But love is tough. It’s costly. It’s uncomfortable and inconvenient and sometimes gross. A sideshow is easier. Stop trying to compete with Lindsey Lohan and Brad and Angelina for attention. People get tired of those stories. They need radical love.
The Church is Not a Competition
I see some of you with your multi-million dollar arenas. You pity me because I pastor a small church. A church, which you might even call “pathetic.” We don’t even have a building. What can we possibly do? How can we possibly make a difference? Obviously, bigger equals better. And I’m a bi-vocational pastor. Not too many guys feel called to bi-vocational ministry. Maybe you think if I were really called to be a minister, I would devote my entire time to ministry.
I have seen that quizzical look of bewilderment and discomfort and even a bit of judgement in other pastors’ or Christians’ eyes when I tell them about my ministry. It’s kind of like trying to tell a non-blog reader that I write a blog. They just don’t see the point or value whatsoever. It doesn’t translate. You know what I mean.
But I disagree with all of their assumptions of what makes a “successful” church. I disagree that building ever-larger “worship centers” and “campuses” is a mark of success. Statistics show that average American churches spend up to 80% of their income on overhead and staff salaries. I do not believe this marks a successful church. I believe it is the mark of a church that spends too much on sustaining itself, or whose members do not give generously enough.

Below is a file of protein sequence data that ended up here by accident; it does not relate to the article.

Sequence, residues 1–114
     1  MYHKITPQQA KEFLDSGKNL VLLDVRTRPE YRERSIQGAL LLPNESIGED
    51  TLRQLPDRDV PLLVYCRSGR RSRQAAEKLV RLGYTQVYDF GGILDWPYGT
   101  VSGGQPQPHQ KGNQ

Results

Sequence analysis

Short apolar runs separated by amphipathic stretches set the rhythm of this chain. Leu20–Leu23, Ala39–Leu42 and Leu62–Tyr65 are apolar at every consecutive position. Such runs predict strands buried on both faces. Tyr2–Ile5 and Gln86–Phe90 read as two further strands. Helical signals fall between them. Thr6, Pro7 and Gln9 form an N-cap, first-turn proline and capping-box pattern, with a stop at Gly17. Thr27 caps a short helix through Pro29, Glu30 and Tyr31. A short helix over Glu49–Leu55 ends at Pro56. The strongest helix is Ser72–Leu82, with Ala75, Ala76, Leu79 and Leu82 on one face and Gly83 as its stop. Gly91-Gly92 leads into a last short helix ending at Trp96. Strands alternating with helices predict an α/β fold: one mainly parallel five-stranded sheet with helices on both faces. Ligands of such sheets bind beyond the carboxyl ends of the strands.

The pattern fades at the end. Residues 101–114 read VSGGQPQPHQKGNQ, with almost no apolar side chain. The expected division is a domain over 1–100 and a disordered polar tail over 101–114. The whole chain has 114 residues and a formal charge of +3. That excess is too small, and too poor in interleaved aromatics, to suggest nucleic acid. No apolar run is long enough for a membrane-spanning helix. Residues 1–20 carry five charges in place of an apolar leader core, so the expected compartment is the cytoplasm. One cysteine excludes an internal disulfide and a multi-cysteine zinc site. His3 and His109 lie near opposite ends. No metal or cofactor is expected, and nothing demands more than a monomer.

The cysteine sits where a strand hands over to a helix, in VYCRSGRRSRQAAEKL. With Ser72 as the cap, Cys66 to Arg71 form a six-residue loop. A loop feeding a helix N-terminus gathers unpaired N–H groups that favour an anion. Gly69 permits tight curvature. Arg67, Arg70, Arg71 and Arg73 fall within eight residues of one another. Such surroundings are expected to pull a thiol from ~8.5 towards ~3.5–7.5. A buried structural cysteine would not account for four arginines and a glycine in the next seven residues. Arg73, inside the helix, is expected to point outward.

Meanwhile, my church is debt-free, and we just went on a bonified spending spree, placing thousands of dollars into ministries we believe in. We did it with no disagreement among our congregation, or concern that we could not pay our bills. We give wisely and freely. We have nothing to be ashamed of for being small.
Buildings are fine. Big is fine. But it is not the only way, nor is it the “best” way. None of our ways is perfect. You cannot assume that an old idea will work just because you are in charge. And we are not in competition with one another.
The Church is Not a Failure
We have to face the reality that despite our efforts, people don’t take us seriously like they used to. People are leaving Christianity.
But we should also look at the God who brought us here. God knew this would happen. He knew that Israel would fail him too, dozens of times. Yet, He didn’t let them down. And He’s not going to let us down either. Jesus knew that hundreds of people would leave him behind. It didn’t seem to bother him much. The church is going to look far different in twenty years than it does today. It may be smaller, or have different customs. You may not like it. But God’s already there. It’s going to survive in spite of all of our efforts.
That’s what I have to say to the church today. What do you think? Have we turned the church into a sideshow, or a competition? Are we headed for failure, or is failure impossible with God? What would you say to the church today?